Evidently finding as much use for goodbyes as she did hellos, Reyes headed for the door, sending one last volley without even turning around, “Next time, I expect to be able to speak to someone more senior.”
Angzal waited for her to reach the door and open it.
“Congressmember?” Angzal said and Reyes paused, still facing her back towards Angzal. “As would I.”
For another few beats Reyes stood with her hand on the door and then stepped out and closed it behind her.
It had become almost uncomfortably quiet after Reyes left the office, an eerie calmness after the passing storm. Angzal continued to stand for a few moments, as if expecting the door to swing open again and a disembodied wagging finger to fly into the room telling her what’s what, but it looked like the silence was here to stay, so she turned back to the window.
The sky over the bay was a bright blue that tapered off into milky grey towards the horizon, not much different from clear days on her homeworld. If she kept her eyes upwards, she could almost imagine being back on Mrabr, at the family estate, shady purple fronds looming just out of view. Her gaze drifted downward though, and the illusion was broken by the expanse of the bay, and the multitudes of weekday beachgoers spending their time on the sand and in the water.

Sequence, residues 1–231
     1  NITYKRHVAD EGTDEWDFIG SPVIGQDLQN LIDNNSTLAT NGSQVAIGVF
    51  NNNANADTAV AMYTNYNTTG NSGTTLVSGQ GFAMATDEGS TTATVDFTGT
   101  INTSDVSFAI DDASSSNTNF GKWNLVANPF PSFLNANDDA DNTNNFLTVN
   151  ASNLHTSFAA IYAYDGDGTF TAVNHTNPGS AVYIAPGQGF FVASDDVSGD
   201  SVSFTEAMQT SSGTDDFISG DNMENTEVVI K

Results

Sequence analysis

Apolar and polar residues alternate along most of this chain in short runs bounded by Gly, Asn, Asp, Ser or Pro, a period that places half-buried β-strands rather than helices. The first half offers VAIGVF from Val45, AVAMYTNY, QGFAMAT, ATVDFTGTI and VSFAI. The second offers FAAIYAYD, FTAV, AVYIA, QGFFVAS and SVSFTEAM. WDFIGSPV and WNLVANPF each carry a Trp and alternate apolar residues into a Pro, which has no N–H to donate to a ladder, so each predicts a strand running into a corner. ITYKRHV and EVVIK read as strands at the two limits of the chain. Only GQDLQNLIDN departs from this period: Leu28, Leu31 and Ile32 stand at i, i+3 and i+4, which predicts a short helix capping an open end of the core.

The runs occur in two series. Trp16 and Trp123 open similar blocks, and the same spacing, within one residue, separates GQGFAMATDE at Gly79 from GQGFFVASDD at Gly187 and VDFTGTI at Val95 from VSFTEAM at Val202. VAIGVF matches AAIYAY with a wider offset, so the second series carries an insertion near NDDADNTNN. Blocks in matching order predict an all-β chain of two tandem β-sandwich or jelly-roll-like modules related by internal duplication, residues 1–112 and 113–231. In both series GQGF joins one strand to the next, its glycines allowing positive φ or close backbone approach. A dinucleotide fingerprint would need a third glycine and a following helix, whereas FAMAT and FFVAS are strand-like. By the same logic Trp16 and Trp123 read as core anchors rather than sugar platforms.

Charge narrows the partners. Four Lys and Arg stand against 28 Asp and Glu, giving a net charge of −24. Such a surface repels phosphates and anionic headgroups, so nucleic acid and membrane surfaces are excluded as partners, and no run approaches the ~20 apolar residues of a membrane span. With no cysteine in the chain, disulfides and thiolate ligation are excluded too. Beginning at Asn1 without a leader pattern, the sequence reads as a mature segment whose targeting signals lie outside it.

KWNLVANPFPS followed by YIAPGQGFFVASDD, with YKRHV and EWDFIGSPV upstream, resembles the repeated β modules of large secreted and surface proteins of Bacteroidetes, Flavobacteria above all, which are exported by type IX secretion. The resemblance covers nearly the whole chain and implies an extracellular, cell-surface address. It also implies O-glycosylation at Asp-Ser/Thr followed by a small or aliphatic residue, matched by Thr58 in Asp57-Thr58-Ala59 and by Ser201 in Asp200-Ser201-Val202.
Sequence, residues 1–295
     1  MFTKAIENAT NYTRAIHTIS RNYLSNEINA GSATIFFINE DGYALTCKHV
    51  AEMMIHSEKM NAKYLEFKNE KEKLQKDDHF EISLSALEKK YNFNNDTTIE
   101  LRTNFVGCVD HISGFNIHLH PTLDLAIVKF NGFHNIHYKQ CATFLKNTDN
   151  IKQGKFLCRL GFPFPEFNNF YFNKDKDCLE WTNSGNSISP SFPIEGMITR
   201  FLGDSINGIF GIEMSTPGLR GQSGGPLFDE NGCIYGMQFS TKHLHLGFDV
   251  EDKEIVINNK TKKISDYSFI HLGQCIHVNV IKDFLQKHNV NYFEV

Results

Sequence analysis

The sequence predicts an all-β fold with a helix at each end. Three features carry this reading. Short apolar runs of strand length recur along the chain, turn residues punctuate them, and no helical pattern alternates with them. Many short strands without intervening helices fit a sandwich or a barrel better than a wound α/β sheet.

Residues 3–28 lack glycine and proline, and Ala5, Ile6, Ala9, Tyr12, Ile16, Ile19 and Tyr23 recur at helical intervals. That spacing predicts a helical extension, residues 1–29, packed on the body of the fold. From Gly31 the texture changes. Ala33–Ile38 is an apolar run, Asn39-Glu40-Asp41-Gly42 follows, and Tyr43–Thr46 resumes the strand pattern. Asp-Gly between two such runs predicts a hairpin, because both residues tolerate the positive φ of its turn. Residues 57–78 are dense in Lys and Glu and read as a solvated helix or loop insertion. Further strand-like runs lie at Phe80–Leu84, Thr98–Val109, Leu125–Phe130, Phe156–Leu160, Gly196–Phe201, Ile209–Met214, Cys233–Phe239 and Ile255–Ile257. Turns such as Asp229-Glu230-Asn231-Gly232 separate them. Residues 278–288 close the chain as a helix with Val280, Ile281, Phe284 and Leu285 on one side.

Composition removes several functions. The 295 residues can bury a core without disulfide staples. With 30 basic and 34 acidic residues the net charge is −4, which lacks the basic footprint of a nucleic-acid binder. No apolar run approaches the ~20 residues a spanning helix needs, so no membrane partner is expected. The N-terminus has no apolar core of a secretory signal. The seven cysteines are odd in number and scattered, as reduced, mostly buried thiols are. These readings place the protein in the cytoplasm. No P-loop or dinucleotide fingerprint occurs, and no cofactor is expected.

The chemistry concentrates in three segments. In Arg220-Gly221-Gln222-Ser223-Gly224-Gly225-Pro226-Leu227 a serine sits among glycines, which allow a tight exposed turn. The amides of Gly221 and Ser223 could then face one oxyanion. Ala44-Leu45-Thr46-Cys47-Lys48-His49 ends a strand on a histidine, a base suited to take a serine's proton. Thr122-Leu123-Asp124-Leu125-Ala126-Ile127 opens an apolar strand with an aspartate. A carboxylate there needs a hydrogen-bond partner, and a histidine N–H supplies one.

The blasted Thorian she ran across on the journey here had been right – Humans were jittery and unpredictable. She had never before met a species so full of internal discord; it was no wonder they had nearly blasted themselves out of existence. The question now was, were they capable of doing it again, and would they drag anyone down with them?
The handle of the door to her office clicked, the individual on the other side hesitating, and then fully opened.
“Rzena, you coward, I will drown your litter in your own blood.”
Rzena hardly even looked in her direction as he made his way to his desk. “My litter is older than you are, and there’s three of them. Don’t think there’s enough blood.”
Angzal emphasized each word through clenched teeth. “I will make do.”
Rzena plugged in his personal tablet into his terminal and then peered over his desk-mounted monitor at Angzal.
“I take it your meeting with Congressmember Reyes went well.”
“Well as can be expected.”
“You’re alive, so that’d be accurate.”
“A little advance warning would’ve been appreciated.”
“Really? I’ve always been a firm believer in a practical, hands-on approach to learning.”
“The only practical thing I learned is I’d derive great pleasure from a hands-on approach to your neck.”
Rzena made a low hum at the back of his throat as he busied himself at his terminal, while Angzal permitted herself to sit back down at her desk and release the predatory tension that had gripped her body since before Reyes’s arrival.
“The Mraboran Protectorate is doing everything it can within the limits of the Treaty of Krevali,” Angzal assured Reyes.